4. The Employee Provident Fund, and Miscellaneous Provision Act 1952 and ESIC

Employee Provident Funding (EPF), referred to as PF in India, enables workers to set aside a portion of their salary for use in retirement or emergency situations. Both the company and the employees contribute a certain amount to PF each month. All organizations with at least 20 employees should register with the EPF. 

Financial and reputational damages of non-compliance

Non-compliant companies have to face many problems, which will ultimately cause the downfall of their business. 

Non-Compliance Leads to Fines and Penalties

There is a long list of statutory compliance requirements that need to be observed by a company/business/organization. If the businesses do not adhere to the above list of statutory compliance, they may be charged with legal notices and have to pay penalties and taxes. While it is not possible to list down every single penalty and fine, some of them have been mentioned below:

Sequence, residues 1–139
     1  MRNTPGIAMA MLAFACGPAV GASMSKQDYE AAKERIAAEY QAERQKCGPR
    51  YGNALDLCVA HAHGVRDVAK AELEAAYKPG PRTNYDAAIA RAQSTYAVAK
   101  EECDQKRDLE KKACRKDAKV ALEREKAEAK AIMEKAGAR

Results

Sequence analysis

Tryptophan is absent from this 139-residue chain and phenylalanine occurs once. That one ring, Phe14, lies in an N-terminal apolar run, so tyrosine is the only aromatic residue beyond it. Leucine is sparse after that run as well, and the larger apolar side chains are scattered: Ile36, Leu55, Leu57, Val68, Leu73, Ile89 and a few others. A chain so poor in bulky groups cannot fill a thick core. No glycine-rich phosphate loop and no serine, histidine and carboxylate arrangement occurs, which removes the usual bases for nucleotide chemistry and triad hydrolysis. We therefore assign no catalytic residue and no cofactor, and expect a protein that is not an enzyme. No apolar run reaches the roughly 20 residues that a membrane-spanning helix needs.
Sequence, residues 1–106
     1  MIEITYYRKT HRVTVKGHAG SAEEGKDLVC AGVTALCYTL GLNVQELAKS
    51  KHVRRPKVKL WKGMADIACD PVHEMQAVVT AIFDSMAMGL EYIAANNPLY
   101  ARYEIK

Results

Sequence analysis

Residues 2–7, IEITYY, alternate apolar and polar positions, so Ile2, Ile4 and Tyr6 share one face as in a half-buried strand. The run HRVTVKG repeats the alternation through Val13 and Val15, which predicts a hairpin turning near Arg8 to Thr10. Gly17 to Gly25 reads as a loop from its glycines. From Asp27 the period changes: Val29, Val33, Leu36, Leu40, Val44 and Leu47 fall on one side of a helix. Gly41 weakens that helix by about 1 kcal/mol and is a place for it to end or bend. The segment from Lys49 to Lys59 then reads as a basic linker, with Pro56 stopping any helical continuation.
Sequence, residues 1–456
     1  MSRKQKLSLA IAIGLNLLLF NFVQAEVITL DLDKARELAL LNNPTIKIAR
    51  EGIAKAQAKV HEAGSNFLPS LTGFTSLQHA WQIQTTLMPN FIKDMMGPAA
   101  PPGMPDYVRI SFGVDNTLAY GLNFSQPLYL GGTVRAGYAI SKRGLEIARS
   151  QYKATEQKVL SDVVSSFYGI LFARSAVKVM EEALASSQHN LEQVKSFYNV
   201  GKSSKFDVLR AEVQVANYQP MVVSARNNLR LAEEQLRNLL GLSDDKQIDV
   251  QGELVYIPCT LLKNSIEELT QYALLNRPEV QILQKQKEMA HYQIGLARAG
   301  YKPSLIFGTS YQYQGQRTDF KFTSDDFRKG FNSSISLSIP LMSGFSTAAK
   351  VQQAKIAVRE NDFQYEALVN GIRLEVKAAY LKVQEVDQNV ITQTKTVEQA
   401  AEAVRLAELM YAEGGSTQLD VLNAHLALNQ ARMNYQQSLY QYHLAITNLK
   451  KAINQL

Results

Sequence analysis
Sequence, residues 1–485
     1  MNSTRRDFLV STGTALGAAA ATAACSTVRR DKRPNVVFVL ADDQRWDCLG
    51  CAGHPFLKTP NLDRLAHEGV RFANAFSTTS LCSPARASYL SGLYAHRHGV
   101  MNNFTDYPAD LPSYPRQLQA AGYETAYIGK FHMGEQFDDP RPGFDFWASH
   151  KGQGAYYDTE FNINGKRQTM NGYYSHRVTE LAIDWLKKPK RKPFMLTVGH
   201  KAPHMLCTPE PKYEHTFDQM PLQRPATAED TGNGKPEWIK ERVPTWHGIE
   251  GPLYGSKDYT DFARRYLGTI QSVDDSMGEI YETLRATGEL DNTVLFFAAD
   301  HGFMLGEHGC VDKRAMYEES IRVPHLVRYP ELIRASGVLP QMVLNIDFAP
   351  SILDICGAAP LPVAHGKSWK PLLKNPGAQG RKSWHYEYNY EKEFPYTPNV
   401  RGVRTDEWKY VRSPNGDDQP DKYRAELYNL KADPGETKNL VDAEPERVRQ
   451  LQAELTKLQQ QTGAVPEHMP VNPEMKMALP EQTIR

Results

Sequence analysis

In India, there are harsh penalties for breaking tax regulations. Such actions carry heavy fines, which can be anywhere between 100% to 300% of the tax on unreported income. For example, failure to obey a notice issued under section 142(1) or 143(2) of the Income Tax Act can lead to a penalty of Rs. 10,000 for each failure. Additionally, there are fines of between Rs. 10,000 and Rs. 1,000,000 for breaking TDS requirements. Moreover, deliberate attempts to avoid paying taxes or to underreport income beyond Rs. 25 lakh may result in fines under Section 276C.